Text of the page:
While quantum computing is still in its infancy, post-quantum cryptography is a field of growing interest for companies and research institutions. InfoQ has spoken with cryptography researcher Jean-Philippe Aumasson to understand where post-quantum crypto is headed.
InfoQ: Could you tell us a bit about your background and current endeavours?
Jean-Philippe Aumasson: I’ve been doing cryptography since 2006, when I started publishing research at international conferences. Since that I’ve done a PhD in crypto, worked in a big technology firm, did consulting and audit, and created start-ups. I’m currently co-founder and Chief Security Officer of Taurus, now the leading European provider of crypto asset custody technology for banks. We’re launching an exchange platform for tokenized securities, where investors can buy tokenized shares of companies, tokenized real estate, or NFTs, for example. I’ve also recently published a new book, Crypto Dictionary, which is an encyclopedia of crypto covering everything from the history of crypto to blockchain and modern protocols.
InfoQ: What does quantum computing imply for current cryptography techniques?
Aumasson: The quantum computing model works quite differently than the classical computing model we’re used to, because the result of a computation is not the direct result of mathematical operations between inputs encoded as bits set to 0 or 1.
Instead, a quantum computer works by transforming a state composed of particles that can be seen as 0 and 1 at the same time, a physical phenomenon called superposition in the context of quantum mechanics. The type of transformation and the interference between particles then yield a result that sometimes can’t be computed efficiently with a classical computer.
That’s what we call a quantum speedup, when there exists a quantum algorithm solving some computational problem more efficiently than a classical computer. And the reason why cryptographers are worried is that there’s an algorithm, called Shor’s algorithm, that could break all the public-key cryptography used on internet. Namely, elliptic-curve cryptography and the [RSA algorithm](https://en.wikipedia.org/wiki/RSA_(cryptosystem)). It would do so by solving their underlying math problems, respectively the factoring problem (given a number N that is equal to P*Q, compute P and Q, which are large prime numbers), and the discrete logarithm problem.
If you’d like to learn more about this, I recommend the book Quantum Computing Since Democritus, by Scott Aaronson.
InfoQ: How real is the threat to current cryptographic systems from quantum computing? Is the possibility that quantum computers break current ciphers “just around the corner”? Do we need post-quantum cryptography today?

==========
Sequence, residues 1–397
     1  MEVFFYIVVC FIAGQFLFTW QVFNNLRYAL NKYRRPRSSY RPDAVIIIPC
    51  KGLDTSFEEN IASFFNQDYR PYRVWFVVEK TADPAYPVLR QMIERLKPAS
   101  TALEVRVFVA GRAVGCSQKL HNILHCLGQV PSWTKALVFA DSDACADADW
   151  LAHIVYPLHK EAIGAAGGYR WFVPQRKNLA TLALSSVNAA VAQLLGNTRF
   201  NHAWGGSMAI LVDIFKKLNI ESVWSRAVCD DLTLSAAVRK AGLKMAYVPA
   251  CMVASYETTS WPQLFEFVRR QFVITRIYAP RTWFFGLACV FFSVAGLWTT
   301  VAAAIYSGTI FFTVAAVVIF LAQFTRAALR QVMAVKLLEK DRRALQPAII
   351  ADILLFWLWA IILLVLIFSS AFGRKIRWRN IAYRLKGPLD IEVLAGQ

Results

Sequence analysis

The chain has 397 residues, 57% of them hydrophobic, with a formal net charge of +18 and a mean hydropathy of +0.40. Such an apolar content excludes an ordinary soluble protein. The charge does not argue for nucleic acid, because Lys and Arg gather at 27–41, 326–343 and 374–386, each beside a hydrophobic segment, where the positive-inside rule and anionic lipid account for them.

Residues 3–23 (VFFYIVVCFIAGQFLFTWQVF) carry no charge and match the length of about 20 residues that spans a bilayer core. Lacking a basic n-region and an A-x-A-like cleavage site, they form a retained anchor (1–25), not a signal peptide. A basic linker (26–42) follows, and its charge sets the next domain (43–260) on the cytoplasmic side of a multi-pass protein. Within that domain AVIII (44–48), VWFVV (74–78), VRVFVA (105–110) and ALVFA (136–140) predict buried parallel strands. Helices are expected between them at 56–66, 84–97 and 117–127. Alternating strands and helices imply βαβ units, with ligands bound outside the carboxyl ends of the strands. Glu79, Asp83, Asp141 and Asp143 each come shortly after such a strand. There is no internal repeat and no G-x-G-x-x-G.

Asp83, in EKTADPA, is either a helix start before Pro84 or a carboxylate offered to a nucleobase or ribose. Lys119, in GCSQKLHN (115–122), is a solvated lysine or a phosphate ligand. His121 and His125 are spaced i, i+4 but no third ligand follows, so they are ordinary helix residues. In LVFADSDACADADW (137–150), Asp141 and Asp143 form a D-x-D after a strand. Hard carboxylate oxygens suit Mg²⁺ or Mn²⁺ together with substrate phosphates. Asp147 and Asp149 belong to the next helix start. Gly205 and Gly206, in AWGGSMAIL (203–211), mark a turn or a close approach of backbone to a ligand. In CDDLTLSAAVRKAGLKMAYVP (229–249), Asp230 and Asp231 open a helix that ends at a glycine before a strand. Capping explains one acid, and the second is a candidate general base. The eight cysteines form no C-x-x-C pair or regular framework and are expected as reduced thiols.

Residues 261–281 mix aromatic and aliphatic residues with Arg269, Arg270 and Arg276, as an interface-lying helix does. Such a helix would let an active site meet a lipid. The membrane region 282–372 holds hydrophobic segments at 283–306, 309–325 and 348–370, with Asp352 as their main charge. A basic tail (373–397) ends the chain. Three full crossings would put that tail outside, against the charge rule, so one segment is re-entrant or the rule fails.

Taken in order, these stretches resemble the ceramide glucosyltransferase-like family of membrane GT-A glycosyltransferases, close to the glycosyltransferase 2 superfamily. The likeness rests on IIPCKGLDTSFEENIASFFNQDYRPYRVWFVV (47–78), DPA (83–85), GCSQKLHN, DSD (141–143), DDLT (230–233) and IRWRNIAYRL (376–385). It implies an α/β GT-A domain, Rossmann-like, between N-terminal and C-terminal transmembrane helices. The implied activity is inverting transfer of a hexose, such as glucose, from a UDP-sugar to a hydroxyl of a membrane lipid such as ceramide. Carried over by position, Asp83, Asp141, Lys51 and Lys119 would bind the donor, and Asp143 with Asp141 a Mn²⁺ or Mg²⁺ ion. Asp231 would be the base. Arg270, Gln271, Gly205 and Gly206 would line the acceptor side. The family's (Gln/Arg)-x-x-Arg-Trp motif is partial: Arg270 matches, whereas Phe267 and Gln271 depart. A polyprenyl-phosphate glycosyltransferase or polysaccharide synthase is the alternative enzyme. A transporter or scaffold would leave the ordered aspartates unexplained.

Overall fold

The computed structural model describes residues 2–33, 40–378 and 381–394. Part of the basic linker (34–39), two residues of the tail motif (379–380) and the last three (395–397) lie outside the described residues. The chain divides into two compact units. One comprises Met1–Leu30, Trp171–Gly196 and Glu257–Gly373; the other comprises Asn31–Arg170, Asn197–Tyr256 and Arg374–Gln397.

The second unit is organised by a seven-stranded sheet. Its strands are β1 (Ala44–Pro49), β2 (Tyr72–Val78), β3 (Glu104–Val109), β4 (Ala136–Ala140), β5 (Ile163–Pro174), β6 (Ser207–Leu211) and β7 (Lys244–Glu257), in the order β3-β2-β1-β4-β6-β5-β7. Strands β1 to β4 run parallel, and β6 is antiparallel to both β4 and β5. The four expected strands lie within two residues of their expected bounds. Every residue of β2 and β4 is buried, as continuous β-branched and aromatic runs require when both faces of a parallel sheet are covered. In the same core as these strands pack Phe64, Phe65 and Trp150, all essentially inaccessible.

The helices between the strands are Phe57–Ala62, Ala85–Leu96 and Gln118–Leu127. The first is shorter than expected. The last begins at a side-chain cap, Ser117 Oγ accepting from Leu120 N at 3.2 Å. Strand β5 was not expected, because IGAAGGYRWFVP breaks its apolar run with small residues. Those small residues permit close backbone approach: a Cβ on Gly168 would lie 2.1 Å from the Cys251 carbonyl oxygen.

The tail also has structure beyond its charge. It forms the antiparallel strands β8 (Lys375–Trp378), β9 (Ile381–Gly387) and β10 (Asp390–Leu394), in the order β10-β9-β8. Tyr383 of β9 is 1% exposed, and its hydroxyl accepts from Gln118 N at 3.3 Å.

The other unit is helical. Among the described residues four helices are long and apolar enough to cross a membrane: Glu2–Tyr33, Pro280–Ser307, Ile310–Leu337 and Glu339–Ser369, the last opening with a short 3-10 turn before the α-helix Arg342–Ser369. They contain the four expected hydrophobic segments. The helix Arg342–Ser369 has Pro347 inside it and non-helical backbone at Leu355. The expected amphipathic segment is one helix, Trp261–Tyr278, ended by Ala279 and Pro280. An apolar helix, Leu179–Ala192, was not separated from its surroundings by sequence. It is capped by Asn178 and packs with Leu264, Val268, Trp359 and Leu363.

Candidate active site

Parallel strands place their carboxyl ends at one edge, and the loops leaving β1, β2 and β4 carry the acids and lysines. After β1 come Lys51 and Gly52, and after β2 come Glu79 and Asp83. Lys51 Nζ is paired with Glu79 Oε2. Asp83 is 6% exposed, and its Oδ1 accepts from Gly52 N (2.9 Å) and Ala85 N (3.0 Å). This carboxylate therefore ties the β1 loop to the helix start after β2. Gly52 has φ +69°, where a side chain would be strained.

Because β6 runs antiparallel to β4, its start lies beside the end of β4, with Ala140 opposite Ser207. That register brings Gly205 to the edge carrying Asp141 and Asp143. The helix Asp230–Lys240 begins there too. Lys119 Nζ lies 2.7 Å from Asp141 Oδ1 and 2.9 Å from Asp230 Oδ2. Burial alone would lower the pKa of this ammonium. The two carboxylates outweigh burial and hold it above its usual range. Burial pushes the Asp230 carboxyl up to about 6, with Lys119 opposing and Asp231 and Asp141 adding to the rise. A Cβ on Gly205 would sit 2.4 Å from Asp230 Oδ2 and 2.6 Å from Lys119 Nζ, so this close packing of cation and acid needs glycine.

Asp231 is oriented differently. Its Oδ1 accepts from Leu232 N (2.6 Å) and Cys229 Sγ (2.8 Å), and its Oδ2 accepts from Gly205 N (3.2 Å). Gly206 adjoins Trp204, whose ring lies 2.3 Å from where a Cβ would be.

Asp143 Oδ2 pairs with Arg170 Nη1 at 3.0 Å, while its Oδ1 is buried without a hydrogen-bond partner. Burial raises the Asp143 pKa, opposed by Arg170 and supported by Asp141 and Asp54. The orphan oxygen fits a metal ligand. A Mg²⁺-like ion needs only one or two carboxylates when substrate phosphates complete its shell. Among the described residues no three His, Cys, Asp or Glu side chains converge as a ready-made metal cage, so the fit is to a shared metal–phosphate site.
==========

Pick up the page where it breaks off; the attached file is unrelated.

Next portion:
Aumasson: There is little chance that we’ll see a quantum computer capable of breaking crypto in our lifetime, but the chance is not zero.
Post-quantum cryptography algorithms are alternative algorithms that could replace elliptic-curve cryptography and RSA, but be safe against quantum computers. Choosing to use these is thus a kind of insurance against the quantum computer risk.
However, in many cases today I believe that adopting these now is premature, because of the following reasons: we still don’t have established standards, interoperability would be a problem, and we don’t have enough mature, production-ready implementations.
InfoQ: How is the academic and research community involved in the process of building post-quantum crypto ciphers?
Aumasson: The heavy lifting is done by academic researchers. If you look at the algorithms submitted to NIST’s post-quantum cryptography project, most of them are from teams of researchers from Europe or the US, with some of the most respected names in the field.
To be trusted, new algorithms need to have a solid analysis as well as mathematical proofs that breaking them is about as hard as some notoriously hard problem. It’s not enough to craft a new algorithm with weird math and called it post-quantum just because you have no idea how to break it.
InfoQ: What major families of post-quantum crypto algorithms are being currently proposed or investigated?
Aumasson: There are essentially five classes of post-quantum algorithms: 1) Those based on hash functions, such as BLAKE2 or SHA-3; 2) those based on error-correcting codes, which like hash-based crypto were discovered in the 1970s; 3) those based on multivariate equations, or equations with unknown variables multiplied and added together; 4) those based on mathematical lattices those based on isogenies, a pretty complex type of cryptography that involves elliptic curves, like a lot of the crypto we use today, but in such a way that it wouldn’t be broken by quantum computers.
InfoQ: How do those post-quantum algorithm families compare with one another?
Aumasson: The post-quantum family that appears to be the most suitable for practical usage is lattice-based cryptography, the fourth family discussed above. These algorithms can be pretty fast, work with small keys, and we’re confident about their security. The only downside is that they’re usually incomprehensible unless you’re a cryptographer specialized in this type of algorithms.
I love the hash-based algorithm (our first category), but these have severe limitations: you can only use them to create signatures (not to encrypt), and their keys are huge (dozens of kilobytes).
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